I’m curious. About all kinds of stuff. So many places, people, things out there that I don’t know much of anything about….more than one lifetime allows me to experience. But biting off a piece here and a piece there helps to make the one lifetime that I do have rich and lush and endlessly fascinating.
Maybe that’s why I love The Road so much. It’s a surefire scratching to my wonder itch. Just imagine being able to go down every meandering road in America. If my back would cooperate, and my wife would go with me, I just might take that on. I love it that much. But, I gotta be realistic. Sort of, anyway. Break it down into manageable chunks. Like the one I finished up a little over a year ago that led to a book and a few photography exhibits….the project is called Slow Roads Tennessee. An 11,000 mile wandering through the rural spaces of our fair state, sticking to county, local, and a state road occasionally, with a $30 plastic film camera at the ready.
I love the places and people you see out there, and one reason is that they change very slowly, if at all. There’s a goodness to them that lasts long past the current fad or worry of the day, and that’s what I wanted to capture on this journey. To give the photographs a matching timeless feel, I chose the soft, misty focus the Holga’s plastic lens yields up. It’s not a modern look, thankfully. It’s warm and organic and imperfect. Like the subject matter.
Along the way, I met…well, they can only be referred to as characters. Nelson Bandy (as he informed me, he was “Mo without the Dough”) who owns a hillside auto junkyard in Humphreys County and tries to scare would-be parts thieves off with a sign that threatens, “If you’re reading this, you’re on TV, and I shoot to kill!”. Or Bear Burkett over in Lake County, who I found sitting in a ratty old easy chair with a dozen or so cats crawling around on him in front of a rundown building with “City Jail” stenciled on the side. Or the young man cutting hair in Sullivan County using the same chair his great uncle installed when he opened the barbershop in the late ’40’s, who at the end of his days with the scissors handed down the shop to the young man’s daddy, and so forth….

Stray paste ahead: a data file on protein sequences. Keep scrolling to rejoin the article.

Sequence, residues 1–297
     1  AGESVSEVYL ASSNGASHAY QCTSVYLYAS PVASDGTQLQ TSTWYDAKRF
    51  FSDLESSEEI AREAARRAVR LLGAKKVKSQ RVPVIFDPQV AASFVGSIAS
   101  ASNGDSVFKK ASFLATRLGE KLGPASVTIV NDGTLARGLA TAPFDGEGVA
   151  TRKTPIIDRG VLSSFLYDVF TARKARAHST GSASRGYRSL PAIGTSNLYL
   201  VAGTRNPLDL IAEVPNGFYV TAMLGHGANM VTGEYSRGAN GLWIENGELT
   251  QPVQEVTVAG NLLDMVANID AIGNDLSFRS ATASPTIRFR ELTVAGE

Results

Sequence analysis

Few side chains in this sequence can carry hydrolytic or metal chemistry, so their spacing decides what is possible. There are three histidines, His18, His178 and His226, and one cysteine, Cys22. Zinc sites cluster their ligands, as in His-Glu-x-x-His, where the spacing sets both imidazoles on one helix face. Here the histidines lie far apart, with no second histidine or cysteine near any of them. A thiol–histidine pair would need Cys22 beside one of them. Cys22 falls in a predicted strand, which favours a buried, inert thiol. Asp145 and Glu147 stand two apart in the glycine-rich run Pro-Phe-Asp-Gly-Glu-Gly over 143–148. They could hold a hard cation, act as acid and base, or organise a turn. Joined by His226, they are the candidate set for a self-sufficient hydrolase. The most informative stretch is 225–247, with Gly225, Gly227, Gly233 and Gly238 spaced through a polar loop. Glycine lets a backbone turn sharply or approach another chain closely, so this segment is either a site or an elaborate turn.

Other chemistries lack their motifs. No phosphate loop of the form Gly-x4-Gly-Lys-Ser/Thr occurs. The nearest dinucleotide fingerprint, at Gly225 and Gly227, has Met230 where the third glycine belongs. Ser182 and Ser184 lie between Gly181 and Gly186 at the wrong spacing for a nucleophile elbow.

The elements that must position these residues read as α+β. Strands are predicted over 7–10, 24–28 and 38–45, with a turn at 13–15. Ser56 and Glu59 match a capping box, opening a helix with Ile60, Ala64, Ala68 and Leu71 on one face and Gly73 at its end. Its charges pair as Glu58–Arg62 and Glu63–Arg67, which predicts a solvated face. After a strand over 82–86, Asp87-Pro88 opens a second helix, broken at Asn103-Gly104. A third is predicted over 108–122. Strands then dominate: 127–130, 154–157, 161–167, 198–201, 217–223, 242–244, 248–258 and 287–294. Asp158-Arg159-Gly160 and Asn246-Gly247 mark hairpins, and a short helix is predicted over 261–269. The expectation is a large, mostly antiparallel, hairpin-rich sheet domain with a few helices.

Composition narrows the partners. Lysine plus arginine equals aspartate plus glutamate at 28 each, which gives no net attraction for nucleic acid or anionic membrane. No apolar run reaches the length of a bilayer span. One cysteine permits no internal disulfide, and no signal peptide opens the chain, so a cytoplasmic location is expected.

And it goes on and on. Better than TV. People in LA try to make this stuff up and run it during prime time on cable, but I don’t think they get it. As we say down here, bless their hearts. Naah, what they manufacture just doesn’t work for me.
What does work for me is turning the key in the ignition, resetting the trip meter, running by Starbucks for an iced coffee, and programming the GPS for a destination called “Anyplace”. And just where might that be on a given morning? Makes you wonder, doesn’t it?
Contributed by Jerry Park
Jerry Park is a photographer, author, colleague, and friend…and is our special guest today.
There is nothing quite like hearing Jerry tell his stories in his warm, friendly, slow southern drawl or viewing his insightful – and sometimes humorous – images in person. The next best option, however, is to curl up in an easy chair with his book and a warm cup of tea.
His book, Slow Roads Tennessee, is available for purchase at Parnassus in Nashville or most Barnes & Nobles and Books-A-Million in Tennessee. The book retails for $35.
Signed copies of his book are available directly from Jerry by emailing him at firstname.lastname@example.org. With shipping and handling, the total is $41.
His book would be great for holiday gift giving.